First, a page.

I love the scene in Wall-e when the captain of the Axiom, a giant space ship on which humanity has lived for 700 years, begins to casually research the Earth he has never seen. He is overwhelmed by the colors and culture of the world he left behind. A question about dirt leads to an explanation of farming, music, and dance.
Source: Sebastian Grünwald, Wikicommons
That’s how I feel when I “write what I don’t know,” finding each new thought and fact fresh and exhilarating, leading into the next great discovery.
Maybe that’s why I’ve always chosen topics a bit far from home. 1960s music. The link between weather and emotions. My current project is about a sea turtle rescue worker, a topic which I, in land-locked Ohio, had to research thoroughly.
Source: Ukanda, wikicommons
And yet, this distance allowed me to write with curiosity. Sea turtles are fascinating creatures, from their long lives to their longer migrations, to the fact that we know so little about their life-cycles beyond the nesting process.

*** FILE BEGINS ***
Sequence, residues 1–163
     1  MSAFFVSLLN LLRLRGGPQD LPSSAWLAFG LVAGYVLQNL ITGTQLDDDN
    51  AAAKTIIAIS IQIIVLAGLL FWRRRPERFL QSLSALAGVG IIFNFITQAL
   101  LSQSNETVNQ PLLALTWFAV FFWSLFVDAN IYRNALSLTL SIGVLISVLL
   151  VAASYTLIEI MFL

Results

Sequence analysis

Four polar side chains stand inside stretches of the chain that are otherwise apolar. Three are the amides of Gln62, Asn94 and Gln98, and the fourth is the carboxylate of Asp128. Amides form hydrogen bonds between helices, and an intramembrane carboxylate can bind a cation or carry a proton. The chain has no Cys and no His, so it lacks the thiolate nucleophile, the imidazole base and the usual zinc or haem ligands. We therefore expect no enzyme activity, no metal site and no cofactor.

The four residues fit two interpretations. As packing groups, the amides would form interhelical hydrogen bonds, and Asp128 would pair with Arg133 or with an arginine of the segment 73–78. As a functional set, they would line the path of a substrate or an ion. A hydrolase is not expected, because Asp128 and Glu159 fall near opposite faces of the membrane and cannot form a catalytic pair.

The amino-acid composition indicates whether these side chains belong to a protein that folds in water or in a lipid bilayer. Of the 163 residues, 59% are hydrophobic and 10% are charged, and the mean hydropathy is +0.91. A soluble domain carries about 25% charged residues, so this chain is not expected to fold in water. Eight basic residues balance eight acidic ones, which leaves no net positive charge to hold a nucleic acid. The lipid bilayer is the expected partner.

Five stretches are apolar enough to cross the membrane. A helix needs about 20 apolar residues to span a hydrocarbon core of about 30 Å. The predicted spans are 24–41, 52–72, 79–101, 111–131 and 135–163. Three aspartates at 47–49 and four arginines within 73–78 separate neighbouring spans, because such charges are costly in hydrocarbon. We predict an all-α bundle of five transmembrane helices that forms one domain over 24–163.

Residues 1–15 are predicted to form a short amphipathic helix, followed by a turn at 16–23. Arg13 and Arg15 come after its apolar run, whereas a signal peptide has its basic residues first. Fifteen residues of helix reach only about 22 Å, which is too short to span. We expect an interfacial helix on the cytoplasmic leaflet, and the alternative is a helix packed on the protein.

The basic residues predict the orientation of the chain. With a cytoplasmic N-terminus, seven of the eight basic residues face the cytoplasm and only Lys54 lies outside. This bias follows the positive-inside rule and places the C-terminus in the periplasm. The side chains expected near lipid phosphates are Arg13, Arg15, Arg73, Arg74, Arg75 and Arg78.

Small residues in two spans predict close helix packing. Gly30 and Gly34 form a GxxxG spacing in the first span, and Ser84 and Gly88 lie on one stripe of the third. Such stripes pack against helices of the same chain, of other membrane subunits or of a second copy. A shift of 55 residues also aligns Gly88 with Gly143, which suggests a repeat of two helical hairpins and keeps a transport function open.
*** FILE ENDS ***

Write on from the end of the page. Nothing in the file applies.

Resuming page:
Even more fascinating are the people who work to protect them. Volunteers get up at six in the morning to search for nests. If they find one too close to the shore, they will painstakingly move the entire nest, egg by egg, making sure not to change so much as the angle at which the eggs lie.
My research has led me from Florida to North Carolina. I have seen turtles recovering in a hospital, and watched hatchlings struggle toward the ocean. I have done my best to become an expert on sea turtles in order to write about them honestly, as I whole-heartedly believe the truth is just as awe-inspiring as imagination.
Do you write what you know? What’s the most research you’ve ever done for a project, and what fascinated you about it?